. Measurable increases in job performance typically range from 10 to 25 percent. Goal setting has been shown to improve employee performance. and engineers. it is not enough to meet certain production or sales objectives. Another criticism of MBO is that since performance data are designed to measure results. MBO systems may inadvertently encourage employees to “look good” on a short-term basis. MBO must be viewed as part of a system of managing. computer analysts. maintenance employees. goal setting establishes an automatic feedback system. adaptability. If the MBO program focuses on a narrow set of results criteria to the exclusion of other important process issues. Both individuals must be willing to mutually establish goals and measurable standards for employee performance. thereby leading to increased productivity. MBO is a lengthy and costly appraisal system. Thus. Managers who adopt MBO as a system of managing must be willing to delegate responsibility for reaching goals to their subordinates. Factors such as cooperation. not as merely an addition to the manager’s job. initiative. Line supervisors. both the results and the method used to achieve them should be considered. Advantages of MBO A major advantage of MBO is that it requires the setting of employee-established goals. scientists. and concern for human relations may be important to job success. for example. may let their equipment suffer to reduce maintenance costs. Criticisms of MBO The MBO system is not without its critics.
Which Performance Appraisal Method to Use?
The choice of method should be based largely on the purpose of the appraisal. the system may suffer from criterion deficiency and may unintentionally foster the attitude that “what gets measured gets done. since employees can regularly evaluate their performance against their goals. This raises the issue of criterion contamination. to be realistic. Goal setting works because it allows employees to focus their efforts on important job tasks and makes them accountable for completing these tasks. Goal setting has been of benefit to groups as diverse as clerical personnel.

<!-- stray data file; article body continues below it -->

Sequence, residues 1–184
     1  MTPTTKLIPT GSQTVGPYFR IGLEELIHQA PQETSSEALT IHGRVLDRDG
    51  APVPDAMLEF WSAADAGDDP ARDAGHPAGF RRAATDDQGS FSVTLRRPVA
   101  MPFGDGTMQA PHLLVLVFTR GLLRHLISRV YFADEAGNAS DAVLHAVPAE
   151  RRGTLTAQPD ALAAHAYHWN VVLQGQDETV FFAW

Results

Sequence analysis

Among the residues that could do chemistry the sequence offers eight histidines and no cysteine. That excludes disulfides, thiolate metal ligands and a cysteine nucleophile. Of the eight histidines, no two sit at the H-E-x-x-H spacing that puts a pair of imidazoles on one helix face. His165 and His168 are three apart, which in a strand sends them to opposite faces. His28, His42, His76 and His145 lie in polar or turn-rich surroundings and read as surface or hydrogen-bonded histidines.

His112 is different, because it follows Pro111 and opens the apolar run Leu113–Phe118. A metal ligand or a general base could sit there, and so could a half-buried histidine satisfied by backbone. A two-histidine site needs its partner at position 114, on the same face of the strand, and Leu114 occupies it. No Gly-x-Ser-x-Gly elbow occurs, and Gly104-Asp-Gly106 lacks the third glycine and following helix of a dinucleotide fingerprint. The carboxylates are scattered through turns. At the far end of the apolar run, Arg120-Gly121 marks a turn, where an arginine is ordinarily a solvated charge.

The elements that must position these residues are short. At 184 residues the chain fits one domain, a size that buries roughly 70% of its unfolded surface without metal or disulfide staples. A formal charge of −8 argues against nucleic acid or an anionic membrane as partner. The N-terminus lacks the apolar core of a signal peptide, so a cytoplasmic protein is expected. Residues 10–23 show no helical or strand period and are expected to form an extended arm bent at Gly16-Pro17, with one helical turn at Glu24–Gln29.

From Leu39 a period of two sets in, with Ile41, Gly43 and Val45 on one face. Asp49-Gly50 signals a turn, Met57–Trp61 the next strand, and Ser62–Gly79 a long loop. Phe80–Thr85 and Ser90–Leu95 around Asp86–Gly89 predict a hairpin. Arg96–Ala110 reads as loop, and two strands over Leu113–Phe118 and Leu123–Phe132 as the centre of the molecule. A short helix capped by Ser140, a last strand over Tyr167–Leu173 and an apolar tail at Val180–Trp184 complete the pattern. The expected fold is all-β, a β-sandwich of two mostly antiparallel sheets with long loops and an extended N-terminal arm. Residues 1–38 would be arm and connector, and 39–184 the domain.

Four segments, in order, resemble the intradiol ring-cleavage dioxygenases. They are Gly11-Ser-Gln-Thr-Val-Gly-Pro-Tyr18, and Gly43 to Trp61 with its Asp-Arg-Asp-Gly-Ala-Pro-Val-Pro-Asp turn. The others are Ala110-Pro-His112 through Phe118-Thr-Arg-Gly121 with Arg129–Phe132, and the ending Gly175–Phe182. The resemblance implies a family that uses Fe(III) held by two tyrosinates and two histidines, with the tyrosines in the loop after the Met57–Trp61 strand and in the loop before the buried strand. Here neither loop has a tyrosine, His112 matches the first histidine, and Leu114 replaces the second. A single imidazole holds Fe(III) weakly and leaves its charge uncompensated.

Note that the simplest and least expensive techniques often yield the least-accurate information.
. and results approaches to appraisal. behavior.below lists some of the strengths and weaknesses of trait.
Are acceptable to employees and superiors 3. Use meaningful dimensions 3. Are inexpensive to develop 2. Encourages mutual goal setting 5.SUMMARY OF VARIOUS APPRAISAL METHODS
ADVANTAGES 1. May use deficient criteria
However. May encourage short-term perspective 3. this may not always be the case. May use contaminated criteria 4. research has not always supported a clear choice among appraisal methods. Are not useful for employee counseling 3. Is acceptable to employees and superiors 3. Are not useful for allocating rewards 4. While researchers and HR managers generally believe that the more sophisticated and more timeconsuming methods offer more useful information. Has less subjectivity bias 2. Use specific performance dimensions 2. Have some potential for rating error
Behavior al Methods
1. Is good for reward and promotion decisions
1. Are fair for reward and promotion decisions 1. Is time-consuming to develop/use 2. Are easy to use DISADVANTAGES 1. Have high potential for rating errors 2. Are not useful for promotion decisions 1. Links individual performance to organizational performance 4. Are useful for providing feedback 4. Can be time-consuming to develop/use 2. Can be costly to develop 3. Managers must make cost-benefit decisions about which methods to use.
Usually ten days to two weeks is a sufficient amount of lead time. and the organization of the interview form. tell -and-listen. and problem solving. the employee's feelings about the appraisal are thoroughly explored.Appraisa1 Interviews
The appraisal interview is perhaps the most important part of the entire performance appraisal process.
Three Types of Appraisal Interviews
The individual who has probably studied different approaches to performance appraisal interviews most thoroughly is Norman R. Interviews should be scheduled far enough in advance to allow the interviewee. Dividing the appraisal interview into two sessions. Most appraisal interviews attempt to give feedback to employees on how well they are performing their jobs and on planning for their future development. the interviewer can give each session the proper attention it deserves. such as the employee’s past performance and future development goals. the type of appraisal system used. The tell-and-listen method assumes that the opportunity to release frustrated feelings will help to reduce or remove those feelings. as well as the interviewer. This may require the development of new behaviors on the part of the employee and skillful use of motivational incentives on the part of the appraiser/supervisor. he analyzes the cause-and-effect relationships in three types of appraisal interviews: tell-and sell. The skills required in the tell-and-sell interview include the ability to persuade an employee to change in a prescribed manner. but the method requires listening to disagreement and coping with defensive behavior without attempting to refute any statements. The skills associated with the problem-solving interview are consistent with the nondirective procedures of the tell-and-listen method in that